And then I had my day in court. #notreallyAugust 12, 2013 at 3:32 PM | Posted in I am resourceful., I ♥ Twitter., We have dogs. | 2 Comments
Not yet. Because my case was never filed, which means I wasn’t on the docket the day the summons told me to be there. But I’m getting ahead of myself.
On July 14, 2013, I was at Garfield Park for a potluck event for Indy Food Swappers. Anna, her friend Taylor, and our dog Goocher were with me. In the course of setting up for the event, Goocher was put in the car for ten minutes (windows down, water available). A policeman had an issue with my decision to do that (or just with me, who can tell) and, along with a park ranger, detained me in the car for a half hour before giving me a summons to appear in Court. That’s the nutshell version.
I went into full blown panic mode. The whole experience with the cops was unexpected and unpleasant and now COURT?! I had no idea what to expect—that makes me freak out the most. So I channeled the nervous energy into action and, with the guidance of some attorney friends, drafted a Motion to Dismiss.
DEFENDANT’S MOTION TO DISMISS CASE
Comes now Sacha Brady (“Defendant”), pro se, defendant in the above captioned case, and requests that the case be dismissed, with prejudice.
Defendant requests that this Court dismiss the above-captioned case, with prejudice, based on the failure of the City of Indianapolis (the “City”) to state sufficient facts or evidence to sustain the charges alleged in Case Report 13-0090754-000 (the “Case Report”).
Defendant, affirming under the penalties for perjury of the truth, states as follows.
1. Defendant denies that the allegations in the Case Report are a complete and accurate account of the actual facts. However, for purposes of this motion to dismiss, the Court may regard the City’s allegations as true in order to test the legal sufficiency of the claim.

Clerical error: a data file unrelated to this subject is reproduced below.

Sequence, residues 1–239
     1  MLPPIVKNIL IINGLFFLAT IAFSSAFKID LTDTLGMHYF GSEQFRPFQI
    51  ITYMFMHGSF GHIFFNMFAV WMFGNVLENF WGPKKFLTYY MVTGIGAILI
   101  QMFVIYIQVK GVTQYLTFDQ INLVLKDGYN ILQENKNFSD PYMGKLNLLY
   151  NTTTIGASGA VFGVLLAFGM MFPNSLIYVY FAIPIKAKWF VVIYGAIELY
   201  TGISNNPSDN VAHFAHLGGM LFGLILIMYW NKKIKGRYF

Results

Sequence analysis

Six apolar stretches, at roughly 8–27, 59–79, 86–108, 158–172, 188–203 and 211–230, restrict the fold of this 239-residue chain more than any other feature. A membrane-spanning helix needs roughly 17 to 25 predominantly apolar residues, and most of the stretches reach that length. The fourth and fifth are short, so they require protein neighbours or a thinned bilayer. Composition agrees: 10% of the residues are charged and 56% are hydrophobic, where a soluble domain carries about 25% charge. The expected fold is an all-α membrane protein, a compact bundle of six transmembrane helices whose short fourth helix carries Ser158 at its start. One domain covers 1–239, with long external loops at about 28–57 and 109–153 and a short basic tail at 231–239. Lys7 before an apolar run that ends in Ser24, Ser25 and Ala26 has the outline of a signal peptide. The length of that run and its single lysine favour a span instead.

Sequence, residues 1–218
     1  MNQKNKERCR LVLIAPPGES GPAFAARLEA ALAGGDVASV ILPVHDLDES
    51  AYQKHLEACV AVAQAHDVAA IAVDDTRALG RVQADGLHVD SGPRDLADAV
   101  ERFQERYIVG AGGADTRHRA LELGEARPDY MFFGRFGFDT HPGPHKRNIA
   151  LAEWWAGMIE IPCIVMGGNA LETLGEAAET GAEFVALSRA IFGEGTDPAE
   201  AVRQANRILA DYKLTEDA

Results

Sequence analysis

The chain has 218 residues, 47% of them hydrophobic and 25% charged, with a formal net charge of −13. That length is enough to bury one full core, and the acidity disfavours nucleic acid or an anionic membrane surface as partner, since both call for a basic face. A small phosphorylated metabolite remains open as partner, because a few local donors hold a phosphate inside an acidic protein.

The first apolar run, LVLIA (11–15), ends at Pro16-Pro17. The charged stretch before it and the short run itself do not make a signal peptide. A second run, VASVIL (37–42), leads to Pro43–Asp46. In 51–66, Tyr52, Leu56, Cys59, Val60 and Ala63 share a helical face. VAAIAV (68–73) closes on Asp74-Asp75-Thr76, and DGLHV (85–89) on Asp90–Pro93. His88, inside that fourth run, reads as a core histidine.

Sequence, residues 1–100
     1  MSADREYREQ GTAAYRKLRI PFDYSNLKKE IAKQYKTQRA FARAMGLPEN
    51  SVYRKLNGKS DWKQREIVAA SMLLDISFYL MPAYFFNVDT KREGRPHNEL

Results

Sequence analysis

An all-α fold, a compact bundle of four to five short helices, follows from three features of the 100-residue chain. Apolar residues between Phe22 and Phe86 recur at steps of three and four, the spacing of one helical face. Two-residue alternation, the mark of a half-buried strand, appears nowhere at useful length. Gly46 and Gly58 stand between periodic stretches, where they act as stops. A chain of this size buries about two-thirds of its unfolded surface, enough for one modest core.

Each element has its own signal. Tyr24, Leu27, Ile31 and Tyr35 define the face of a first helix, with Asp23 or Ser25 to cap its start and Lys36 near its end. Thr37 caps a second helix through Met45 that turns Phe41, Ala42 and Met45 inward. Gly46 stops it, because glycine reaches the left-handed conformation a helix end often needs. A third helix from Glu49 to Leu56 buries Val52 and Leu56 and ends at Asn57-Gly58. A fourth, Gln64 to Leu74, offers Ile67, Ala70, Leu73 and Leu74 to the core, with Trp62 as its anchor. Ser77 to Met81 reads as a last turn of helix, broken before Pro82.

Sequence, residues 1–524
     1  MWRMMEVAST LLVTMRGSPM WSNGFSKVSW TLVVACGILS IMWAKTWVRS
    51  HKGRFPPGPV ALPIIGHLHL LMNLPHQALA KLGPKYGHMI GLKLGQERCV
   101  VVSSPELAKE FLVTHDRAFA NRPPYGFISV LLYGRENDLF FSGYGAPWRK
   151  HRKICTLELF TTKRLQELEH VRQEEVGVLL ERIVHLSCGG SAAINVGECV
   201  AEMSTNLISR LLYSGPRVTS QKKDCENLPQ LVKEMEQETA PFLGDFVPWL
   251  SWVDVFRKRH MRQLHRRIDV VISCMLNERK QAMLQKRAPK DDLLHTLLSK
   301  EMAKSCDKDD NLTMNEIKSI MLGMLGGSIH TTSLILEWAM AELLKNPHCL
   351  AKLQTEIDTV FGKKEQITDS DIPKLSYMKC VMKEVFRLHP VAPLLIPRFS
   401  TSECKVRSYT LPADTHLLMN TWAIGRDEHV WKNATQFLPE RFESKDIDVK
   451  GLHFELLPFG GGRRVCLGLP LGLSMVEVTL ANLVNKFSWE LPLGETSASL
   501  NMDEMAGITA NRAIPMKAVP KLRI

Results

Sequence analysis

2. Defendant was charged with failure to provide proper care and treatment of an animal at 2450 Shelby Street, Garfield Park, Indianapolis, and received a court summons for said charge on July 14, 2013.
3. The Case Report (see Exhibit 1) states that two officers were involved, Owens (Badge No. 27759) and Burrello (Badge No. B6879). The Case Report further states that a dog (the “Dog”) was left unattended in the back of a vehicle with the windows down in the front, and that the weather at the time was 87°F.
4. Defendant respectfully submits to the Court the following evidence, which was not captured in the Case Report by Officer Burrello:
(a) The Dog was contained in a 2002 Volvo V70 equipped with a cargo barrier specific to that model (see Exhibit 2). The purpose of the cargo barrier in Defendant’s car is to transport the Dog safely. The cargo barrier does not impede the flow of air from the cabin to the cargo area. In addition, the Dog is able to fit his head through the side of the barrier to access air more directly from the window whenever he chooses.
(b) The cargo area of Defendant’s car is 36 cubic feet in volume, was empty of cargo other than the Dog and his water bowl, and provided plenty of room for the Dog. The Dog is medium size and weighs 40 pounds.